Issues surrounding supply levels and affordability in many US metros is getting worse, with more showing a decline than an improvement.
A new joint-study by the National Association of Realtors and Realtor.com shows that, out of the metros analyzed, affordability worsened in 45 and improved in 34.
The study looked at mortgage, income data, and listings on Realtor.com, and ranked markets on the Realtors Affordability Distribution Curve and Score, with a score of 1 or more generally meaning that homes for sale are more affordable to households in relation to their income distribution.
The markets with the lowest affordability scores include Los Angeles-Long Beach, California (0.35), San Diego-Carlsbad, California (0.37), San Jose-Sunnyvale, California (0.43), Oxnard-Thousand Oaks-Ventura, California (0.45) and San Francisco-Oakland, California (0.48), where a typical household can only afford 3-11% of the active housing inventory.
Meanwhile, the Youngstown-Warren, Ohio-Pennsylvania market had the highest Affordability Score at 1.25, followed by Dayton, Ohio (1.19), Toledo, Ohio (1.18), Akron, Ohio (1.16), and Scranton-Wilkes-Barre, Pennsylvania (1.11). In these areas, the typical household can afford nearly 75% of the homes that are currently on the market.
“The survey confirms that the lack of entry-level supply is putting affordability pressures on too many buyers – especially those at the lower end of the market, where demand is the strongest,” said NAR chief economist Lawrence Yun. “This is why first-time buyers continue to struggle finding affordable properties to buy and are making up less than a third of home sales so far this year.”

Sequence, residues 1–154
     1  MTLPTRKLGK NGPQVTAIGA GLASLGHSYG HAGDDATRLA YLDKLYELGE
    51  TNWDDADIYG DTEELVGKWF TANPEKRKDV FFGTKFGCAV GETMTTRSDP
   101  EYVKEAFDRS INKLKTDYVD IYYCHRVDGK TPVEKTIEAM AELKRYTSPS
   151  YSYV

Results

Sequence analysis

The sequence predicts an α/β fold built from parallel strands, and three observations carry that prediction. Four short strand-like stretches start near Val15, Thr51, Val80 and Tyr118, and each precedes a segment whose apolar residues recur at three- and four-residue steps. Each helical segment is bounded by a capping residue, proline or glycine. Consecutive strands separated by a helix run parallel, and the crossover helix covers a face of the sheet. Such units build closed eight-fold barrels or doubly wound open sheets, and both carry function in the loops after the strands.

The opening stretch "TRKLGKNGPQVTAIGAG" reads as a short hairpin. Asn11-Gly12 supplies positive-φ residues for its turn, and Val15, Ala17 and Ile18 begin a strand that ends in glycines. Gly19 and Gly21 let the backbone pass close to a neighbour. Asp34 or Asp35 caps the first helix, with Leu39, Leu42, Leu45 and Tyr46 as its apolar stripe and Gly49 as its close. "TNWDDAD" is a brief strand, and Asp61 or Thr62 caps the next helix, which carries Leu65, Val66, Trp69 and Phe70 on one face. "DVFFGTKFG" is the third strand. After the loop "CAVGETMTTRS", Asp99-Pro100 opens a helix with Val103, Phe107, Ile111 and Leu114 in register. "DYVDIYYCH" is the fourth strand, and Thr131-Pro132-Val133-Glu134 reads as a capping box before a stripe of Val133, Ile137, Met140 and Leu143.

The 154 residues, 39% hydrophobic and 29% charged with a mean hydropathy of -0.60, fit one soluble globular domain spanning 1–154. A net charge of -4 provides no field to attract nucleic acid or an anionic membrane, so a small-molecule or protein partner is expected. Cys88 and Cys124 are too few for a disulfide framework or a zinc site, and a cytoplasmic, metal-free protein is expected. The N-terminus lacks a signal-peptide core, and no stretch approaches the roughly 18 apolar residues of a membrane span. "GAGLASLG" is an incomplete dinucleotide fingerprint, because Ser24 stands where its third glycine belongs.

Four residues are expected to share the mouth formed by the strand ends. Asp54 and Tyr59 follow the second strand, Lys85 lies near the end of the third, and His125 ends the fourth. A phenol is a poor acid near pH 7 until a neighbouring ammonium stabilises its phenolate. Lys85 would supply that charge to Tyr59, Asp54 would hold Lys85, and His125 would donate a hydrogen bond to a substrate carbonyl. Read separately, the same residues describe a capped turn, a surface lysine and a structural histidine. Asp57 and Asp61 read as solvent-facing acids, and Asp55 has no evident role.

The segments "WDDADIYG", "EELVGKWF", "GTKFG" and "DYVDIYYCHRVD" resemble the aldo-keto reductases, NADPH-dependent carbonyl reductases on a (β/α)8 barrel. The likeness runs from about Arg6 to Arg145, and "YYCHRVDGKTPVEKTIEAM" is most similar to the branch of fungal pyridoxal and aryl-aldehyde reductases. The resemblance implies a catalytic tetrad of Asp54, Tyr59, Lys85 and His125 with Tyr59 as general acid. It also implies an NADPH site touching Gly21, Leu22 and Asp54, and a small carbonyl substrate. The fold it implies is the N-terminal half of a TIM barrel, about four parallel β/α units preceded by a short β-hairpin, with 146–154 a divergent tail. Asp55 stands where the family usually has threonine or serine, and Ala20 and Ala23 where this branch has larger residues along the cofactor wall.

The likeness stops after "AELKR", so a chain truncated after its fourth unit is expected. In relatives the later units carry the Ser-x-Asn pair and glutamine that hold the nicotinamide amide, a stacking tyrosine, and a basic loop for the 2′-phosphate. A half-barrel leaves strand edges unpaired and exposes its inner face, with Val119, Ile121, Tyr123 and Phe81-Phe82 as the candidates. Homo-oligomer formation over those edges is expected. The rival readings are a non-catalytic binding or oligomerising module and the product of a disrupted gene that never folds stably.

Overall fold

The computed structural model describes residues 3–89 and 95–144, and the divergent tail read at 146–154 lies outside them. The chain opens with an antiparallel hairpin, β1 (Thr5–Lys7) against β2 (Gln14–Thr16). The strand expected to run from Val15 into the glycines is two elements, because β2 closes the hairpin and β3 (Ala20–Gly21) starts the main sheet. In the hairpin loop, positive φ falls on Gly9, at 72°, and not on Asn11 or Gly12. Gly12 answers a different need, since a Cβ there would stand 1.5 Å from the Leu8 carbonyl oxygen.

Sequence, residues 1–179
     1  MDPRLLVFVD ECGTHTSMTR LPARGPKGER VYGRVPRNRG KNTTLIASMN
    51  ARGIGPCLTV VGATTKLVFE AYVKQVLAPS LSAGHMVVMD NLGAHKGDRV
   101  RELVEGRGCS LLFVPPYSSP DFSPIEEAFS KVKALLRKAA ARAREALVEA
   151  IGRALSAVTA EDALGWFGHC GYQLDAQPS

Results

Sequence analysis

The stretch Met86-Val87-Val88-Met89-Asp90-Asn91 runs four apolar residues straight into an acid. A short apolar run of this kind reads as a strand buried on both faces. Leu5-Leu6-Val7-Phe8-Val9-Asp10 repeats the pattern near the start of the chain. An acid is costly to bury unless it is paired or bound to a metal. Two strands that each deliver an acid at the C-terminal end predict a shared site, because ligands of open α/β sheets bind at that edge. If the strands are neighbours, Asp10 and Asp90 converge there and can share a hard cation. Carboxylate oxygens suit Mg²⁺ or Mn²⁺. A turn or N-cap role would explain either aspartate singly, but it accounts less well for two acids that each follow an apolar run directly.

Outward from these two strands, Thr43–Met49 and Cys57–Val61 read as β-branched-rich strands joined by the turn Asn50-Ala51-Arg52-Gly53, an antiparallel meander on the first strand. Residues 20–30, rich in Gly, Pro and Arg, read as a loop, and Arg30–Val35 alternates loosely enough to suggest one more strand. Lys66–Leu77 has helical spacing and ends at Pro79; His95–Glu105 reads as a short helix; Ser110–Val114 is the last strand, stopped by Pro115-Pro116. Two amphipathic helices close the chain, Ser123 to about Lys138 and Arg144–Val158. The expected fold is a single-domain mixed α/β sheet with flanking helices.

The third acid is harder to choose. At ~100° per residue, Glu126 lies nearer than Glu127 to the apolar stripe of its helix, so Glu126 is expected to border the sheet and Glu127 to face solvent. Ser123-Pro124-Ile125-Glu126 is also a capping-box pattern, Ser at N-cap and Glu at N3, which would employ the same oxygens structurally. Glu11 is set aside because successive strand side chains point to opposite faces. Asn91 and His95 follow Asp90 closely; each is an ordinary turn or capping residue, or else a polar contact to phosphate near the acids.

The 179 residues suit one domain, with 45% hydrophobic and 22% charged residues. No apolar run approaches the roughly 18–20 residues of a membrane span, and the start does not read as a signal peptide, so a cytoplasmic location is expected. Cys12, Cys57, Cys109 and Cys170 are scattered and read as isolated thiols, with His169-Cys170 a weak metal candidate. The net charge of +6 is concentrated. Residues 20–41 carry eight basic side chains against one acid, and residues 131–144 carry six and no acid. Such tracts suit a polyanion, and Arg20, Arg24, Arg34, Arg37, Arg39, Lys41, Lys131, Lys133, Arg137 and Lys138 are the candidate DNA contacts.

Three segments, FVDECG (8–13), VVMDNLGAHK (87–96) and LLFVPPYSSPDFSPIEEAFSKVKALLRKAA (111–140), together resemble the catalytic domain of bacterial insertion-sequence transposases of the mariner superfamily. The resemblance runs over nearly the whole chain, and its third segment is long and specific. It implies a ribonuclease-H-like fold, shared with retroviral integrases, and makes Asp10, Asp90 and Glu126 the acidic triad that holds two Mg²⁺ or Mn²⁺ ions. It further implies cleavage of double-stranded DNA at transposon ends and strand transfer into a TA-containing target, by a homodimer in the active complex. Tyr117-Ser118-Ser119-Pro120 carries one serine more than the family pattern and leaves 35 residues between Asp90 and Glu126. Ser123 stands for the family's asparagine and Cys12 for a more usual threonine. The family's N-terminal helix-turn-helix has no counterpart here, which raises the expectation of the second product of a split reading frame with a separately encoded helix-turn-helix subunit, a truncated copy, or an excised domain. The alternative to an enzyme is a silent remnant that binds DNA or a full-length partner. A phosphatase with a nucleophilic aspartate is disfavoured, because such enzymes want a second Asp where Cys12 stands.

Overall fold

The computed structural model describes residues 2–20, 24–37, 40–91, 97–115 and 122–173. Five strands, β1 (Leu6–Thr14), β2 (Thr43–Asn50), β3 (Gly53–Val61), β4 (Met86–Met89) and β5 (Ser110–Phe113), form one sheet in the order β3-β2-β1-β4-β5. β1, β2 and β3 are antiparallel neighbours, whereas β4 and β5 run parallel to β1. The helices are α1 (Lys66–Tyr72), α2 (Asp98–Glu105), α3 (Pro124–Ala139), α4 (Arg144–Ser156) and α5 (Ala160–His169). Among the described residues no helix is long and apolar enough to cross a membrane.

Mortgage rates, prices hampering affordability
Rising prices are outpacing rising incomes, and mortgage rates are also rising, reducing the chance of closing the affordability gap.
“Wages are growing, which is welcome news for prospective buyers, but prices are increasing at a faster rate, up almost 6% in the first two months of 2018. Solutions to improve these conditions include more homeowners selling, investors releasing their portfolio of single-family homes back onto the market and more single-family housing construction,” Yun said.
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